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Explores how teachers think about students of color and/or a multicultural curriculum and presents opportunities for reconstructing teacher knowledge of the cultural context.
Francisco Rios' book sheds light on current scholarship around teacher thinking in cultural contexts and identifies promising practices that take into account context specific influences. He provides a theoretical and conceptual framework for understanding why teacher cognition as a context specific phenomenon is important, how it is studied, what can be learned, and how these learnings inform the preparation of culturally responsive educators. The contributors look at how teachers think about students of color and/or a multicultural curriculum and explore opportunities for reconstructing teacher knowledge of the cultural context.
Rather than focusing on ways in which the students are "deficient," or on the behavioral elements of effective teaching, this book starts with the how and what of teacher thinking as a central element in the teaching-learning relationship. It places the teacher at the center of instructional activity. While teacher thought influences what happens in instructional settings, teacher thought is also influenced by the people and activity critical to those settings. "This is an important aspect to an important field of study: teacher thinking, multiculturalism, and classroom practice. The book points to the need of synchronization between the school culture and the students' culture. The acknowledgment of social context within teacher thinking research and the resulting discussions of how teachers' perspectives impact behavior is an important step in understanding race, gender, class, and ability in classroom teaching and learning." -- Mari E. Koerner, Roosevelt University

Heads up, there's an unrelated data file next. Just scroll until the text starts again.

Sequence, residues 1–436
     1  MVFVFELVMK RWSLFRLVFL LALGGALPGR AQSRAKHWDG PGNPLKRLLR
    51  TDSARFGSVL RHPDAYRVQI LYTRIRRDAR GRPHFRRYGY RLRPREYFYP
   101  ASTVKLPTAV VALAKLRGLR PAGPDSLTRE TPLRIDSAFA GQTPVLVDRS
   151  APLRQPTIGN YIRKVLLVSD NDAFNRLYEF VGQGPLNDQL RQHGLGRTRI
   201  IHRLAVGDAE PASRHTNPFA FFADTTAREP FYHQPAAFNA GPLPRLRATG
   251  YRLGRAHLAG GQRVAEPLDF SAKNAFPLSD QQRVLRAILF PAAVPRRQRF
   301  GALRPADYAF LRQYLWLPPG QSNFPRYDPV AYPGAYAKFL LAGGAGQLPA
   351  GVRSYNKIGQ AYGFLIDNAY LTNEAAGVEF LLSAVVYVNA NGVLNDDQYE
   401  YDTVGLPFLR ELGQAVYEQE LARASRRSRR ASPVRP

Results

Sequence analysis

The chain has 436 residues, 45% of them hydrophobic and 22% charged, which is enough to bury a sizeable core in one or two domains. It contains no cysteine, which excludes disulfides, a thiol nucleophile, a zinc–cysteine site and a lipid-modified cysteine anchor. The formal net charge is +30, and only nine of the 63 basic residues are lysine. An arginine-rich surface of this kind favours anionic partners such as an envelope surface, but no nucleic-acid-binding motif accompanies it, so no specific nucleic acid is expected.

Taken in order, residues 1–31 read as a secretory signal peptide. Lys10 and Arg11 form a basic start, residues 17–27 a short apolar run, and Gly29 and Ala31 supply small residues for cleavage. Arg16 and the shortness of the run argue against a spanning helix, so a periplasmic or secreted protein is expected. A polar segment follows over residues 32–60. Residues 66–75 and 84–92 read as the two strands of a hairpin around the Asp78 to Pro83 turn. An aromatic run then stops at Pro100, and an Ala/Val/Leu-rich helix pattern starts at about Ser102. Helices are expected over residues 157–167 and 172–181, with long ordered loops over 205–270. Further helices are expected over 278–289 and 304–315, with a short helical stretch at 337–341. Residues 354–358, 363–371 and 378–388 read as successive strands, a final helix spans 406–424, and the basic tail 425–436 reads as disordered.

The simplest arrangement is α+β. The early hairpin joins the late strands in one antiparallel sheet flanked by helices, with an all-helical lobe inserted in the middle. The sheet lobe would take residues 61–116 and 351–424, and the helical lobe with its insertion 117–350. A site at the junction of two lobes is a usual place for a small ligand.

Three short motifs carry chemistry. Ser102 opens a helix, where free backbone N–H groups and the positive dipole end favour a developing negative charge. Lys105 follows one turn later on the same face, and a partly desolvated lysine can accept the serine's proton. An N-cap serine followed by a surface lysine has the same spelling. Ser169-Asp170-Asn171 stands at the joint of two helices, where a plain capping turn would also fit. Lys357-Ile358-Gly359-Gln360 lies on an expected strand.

Francisco A. Rios is Assistant Professor in the College of Education at California State University-San Marcos.
Table of Contents
Francisco A. Ríos
1. Teacher Thinking in Urban Schools: The Need for a Contextualized Research Agenda
Alfredo J. Artiles
Part I Thinking about Students from Diverse Backgrounds
2. Teachers', Administrators', and Staff's Implicit Thinking about "At-Risk" Urban High School Latino Students
3. Teacher Thinking and Perceptions of African-American Male Achievement in the Classroom
Clara A. New
4. Resistance and Rethinking: White Student Teachers in Predominately African-American Schools
Maureen D. Gillette
5. Teachers' Principles of Practice for Teaching in Multicultural Classrooms
Francisco A. Ríos
Part II Thinking about a Multicultural Curriculum and Instruction
6. Teaching Writing in a Multicultural Classroom: Students and Teacher as Storytellers
7. Tacit Messages: Teachers' Cultural Models of the Classroom
Mary Lynn Hamilton
8. Teachers' Choices for Infusing Multicultural Content: Assimilating Multicultural Practices into Schemata for Instruction in the Content Area
Carmen Montecinos Deborah L. Tidwell
Part III Thinking about How to Change Thinking
9. Teaching Concerns Revisited: The Multicultural Dimension
Patricia L. Marshall
10. Using a Constructivist Approach to Challenge Preservice Teachers' Thinking about Diversity in Education
Teresita E. Aguilar Cathy A. Pohan
11. Learning to Teach in Cross-Cultural Settings: The Significance of Trusting Relations
12. Coalition Building as a Means for Changing Teachers' Cultural Knowledge about Multicultural Education
Marilynne Boyle-Baise Judith Washburn
Conclusion New Directions in Teacher Thinking: Linking Theory to Practice